First Pictures of Completed Dextre Giant Space RobotS

After three space walks, Dextre—the robot that will now service the International Space Station—has been completed today, and is now ready for activation. I was watching it live on NASA TV and grabbed these shots (yes, I am that sad) of this fully-assembled gigantastic space spider. To get a sense of how big it is, check the images after the jump. Update: added new images released by NASA

First Pictures of Completed Dextre Giant Space RobotS

First Pictures of Completed Dextre Giant Space RobotS

First Pictures of Completed Dextre Giant Space RobotS

First Pictures of Completed Dextre Giant Space RobotS

First Pictures of Completed Dextre Giant Space RobotS

First Pictures of Completed Dextre Giant Space RobotS

First Pictures of Completed Dextre Giant Space RobotS

First Pictures of Completed Dextre Giant Space RobotS

First Pictures of Completed Dextre Giant Space RobotS

First Pictures of Completed Dextre Giant Space RobotS

First Pictures of Completed Dextre Giant Space RobotS

First Pictures of Completed Dextre Giant Space RobotS

First Pictures of Completed Dextre Giant Space RobotS

According to astronaut Richard M. Linnehan, one of the astronauts who readied Dextre in this mission, it's like "working with a Star Wars prop, but it isn't sci-fi, its reality, and it's happening up here right now." Actually, with its 12-foot-tall body and 11-foot-long arms capable of sensing movement and force, the $209-million Dextre looks more like some kind of Japanese battleoid, but we share the amazement.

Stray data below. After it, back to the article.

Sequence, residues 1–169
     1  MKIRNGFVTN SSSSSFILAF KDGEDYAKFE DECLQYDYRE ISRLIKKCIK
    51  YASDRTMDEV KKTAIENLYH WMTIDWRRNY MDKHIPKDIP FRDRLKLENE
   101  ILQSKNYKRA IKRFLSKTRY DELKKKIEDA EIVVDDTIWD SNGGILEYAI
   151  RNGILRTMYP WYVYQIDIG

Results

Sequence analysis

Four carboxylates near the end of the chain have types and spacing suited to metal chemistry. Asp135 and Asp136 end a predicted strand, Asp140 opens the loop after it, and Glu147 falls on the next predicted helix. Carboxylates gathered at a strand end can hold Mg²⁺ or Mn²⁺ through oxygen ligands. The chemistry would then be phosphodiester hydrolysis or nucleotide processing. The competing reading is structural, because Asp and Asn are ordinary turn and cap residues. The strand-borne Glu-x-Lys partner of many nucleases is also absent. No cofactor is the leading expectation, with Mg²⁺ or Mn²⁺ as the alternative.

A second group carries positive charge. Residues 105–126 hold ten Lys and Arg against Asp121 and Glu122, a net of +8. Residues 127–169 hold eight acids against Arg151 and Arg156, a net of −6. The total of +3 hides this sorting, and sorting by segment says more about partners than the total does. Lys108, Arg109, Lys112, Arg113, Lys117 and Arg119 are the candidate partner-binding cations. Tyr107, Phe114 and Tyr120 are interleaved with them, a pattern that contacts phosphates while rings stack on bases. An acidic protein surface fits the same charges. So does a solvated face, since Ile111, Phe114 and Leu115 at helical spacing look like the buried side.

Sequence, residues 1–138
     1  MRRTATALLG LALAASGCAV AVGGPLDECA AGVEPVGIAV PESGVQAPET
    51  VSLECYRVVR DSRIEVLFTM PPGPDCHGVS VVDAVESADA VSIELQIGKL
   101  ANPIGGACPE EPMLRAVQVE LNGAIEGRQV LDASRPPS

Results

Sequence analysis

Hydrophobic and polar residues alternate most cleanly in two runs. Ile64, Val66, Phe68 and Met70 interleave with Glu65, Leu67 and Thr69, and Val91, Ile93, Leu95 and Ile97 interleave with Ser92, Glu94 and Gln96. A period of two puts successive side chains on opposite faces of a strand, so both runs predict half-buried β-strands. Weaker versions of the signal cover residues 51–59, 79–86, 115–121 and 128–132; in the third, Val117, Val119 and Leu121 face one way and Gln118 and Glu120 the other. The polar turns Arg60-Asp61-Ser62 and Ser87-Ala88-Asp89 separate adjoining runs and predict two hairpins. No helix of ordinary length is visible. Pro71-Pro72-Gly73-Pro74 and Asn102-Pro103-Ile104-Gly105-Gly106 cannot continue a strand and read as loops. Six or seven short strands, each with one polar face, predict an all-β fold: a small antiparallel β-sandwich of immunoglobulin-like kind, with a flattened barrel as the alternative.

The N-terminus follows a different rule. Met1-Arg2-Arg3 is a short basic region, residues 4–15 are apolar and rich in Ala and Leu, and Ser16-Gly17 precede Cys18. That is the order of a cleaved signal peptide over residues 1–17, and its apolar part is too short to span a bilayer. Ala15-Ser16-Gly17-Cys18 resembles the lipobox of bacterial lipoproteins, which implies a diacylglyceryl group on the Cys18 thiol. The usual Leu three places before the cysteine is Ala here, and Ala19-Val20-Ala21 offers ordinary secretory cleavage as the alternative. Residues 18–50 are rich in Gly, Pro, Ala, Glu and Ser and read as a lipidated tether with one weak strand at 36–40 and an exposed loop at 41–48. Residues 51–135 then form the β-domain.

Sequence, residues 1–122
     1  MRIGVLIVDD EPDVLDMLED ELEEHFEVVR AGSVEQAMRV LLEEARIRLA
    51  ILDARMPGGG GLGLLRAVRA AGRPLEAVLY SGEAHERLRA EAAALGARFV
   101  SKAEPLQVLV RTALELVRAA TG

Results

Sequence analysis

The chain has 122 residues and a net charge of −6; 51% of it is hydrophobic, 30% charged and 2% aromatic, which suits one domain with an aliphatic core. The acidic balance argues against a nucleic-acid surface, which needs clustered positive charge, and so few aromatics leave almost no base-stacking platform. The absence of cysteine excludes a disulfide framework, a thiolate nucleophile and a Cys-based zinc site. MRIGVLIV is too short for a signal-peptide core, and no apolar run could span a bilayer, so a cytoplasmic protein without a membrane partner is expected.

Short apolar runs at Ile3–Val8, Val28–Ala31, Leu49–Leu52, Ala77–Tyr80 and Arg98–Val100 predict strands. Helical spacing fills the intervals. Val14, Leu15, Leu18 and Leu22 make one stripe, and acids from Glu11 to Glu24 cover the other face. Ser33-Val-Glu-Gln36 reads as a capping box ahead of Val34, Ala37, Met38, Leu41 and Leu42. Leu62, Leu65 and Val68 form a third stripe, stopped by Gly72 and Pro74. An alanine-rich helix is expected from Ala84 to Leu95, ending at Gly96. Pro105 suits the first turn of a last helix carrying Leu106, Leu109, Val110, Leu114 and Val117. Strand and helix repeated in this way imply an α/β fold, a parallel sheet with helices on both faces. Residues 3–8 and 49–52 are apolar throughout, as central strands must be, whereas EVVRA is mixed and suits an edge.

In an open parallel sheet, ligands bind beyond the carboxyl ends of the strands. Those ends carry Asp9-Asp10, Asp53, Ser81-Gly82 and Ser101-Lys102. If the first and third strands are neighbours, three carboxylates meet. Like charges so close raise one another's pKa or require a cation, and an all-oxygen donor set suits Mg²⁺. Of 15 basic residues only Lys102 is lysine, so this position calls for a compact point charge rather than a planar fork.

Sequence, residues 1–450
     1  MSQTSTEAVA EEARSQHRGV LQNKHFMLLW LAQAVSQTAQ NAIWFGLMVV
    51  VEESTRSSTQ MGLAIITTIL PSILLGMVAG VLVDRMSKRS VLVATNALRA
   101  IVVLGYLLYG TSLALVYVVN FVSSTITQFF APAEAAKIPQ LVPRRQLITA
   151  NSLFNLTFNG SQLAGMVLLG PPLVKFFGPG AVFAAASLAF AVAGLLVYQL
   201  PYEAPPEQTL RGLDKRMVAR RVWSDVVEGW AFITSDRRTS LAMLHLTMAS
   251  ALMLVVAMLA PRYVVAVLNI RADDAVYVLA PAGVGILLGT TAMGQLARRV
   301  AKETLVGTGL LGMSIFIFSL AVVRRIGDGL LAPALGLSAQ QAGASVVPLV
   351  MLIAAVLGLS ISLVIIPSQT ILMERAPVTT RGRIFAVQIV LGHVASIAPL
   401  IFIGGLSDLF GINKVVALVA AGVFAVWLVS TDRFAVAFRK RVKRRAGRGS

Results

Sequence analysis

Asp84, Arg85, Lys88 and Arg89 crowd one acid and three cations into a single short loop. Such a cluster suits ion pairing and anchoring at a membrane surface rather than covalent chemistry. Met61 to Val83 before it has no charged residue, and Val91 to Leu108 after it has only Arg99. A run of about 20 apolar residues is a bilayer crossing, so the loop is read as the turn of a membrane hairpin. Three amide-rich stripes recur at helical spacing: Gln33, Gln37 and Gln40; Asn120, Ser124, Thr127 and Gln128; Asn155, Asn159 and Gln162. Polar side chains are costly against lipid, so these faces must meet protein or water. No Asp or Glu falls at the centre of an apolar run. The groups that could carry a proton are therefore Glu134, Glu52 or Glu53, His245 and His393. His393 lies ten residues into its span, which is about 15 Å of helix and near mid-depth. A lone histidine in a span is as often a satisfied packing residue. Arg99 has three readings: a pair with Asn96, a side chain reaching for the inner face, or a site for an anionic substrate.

First Pictures of Completed Dextre Giant Space RobotS

Despite its menacing appearance and being capable of withstanding extreme conditions, Dextre is as precise and delicate as it is strong: it can manipulate big, server-rack-sized objects (to a maximum of 1,323 pounds,) as well as laptop-sized ones; all with a positioning accuracy relative to the target of a quarter of an inch (the incremental accuracy is 1/12th of an inch, 2 millimeters) and a force accuracy of 2.2 newtons.

The 3,440-pound (1,560 kg.) robot would be extremely valuable for the activity of the space station, saving time and risky spacewalks to astronauts, who will be able to dedicate themselves to experiments rather than fixing the ISS. [NASA TV and Canadian Space Agency]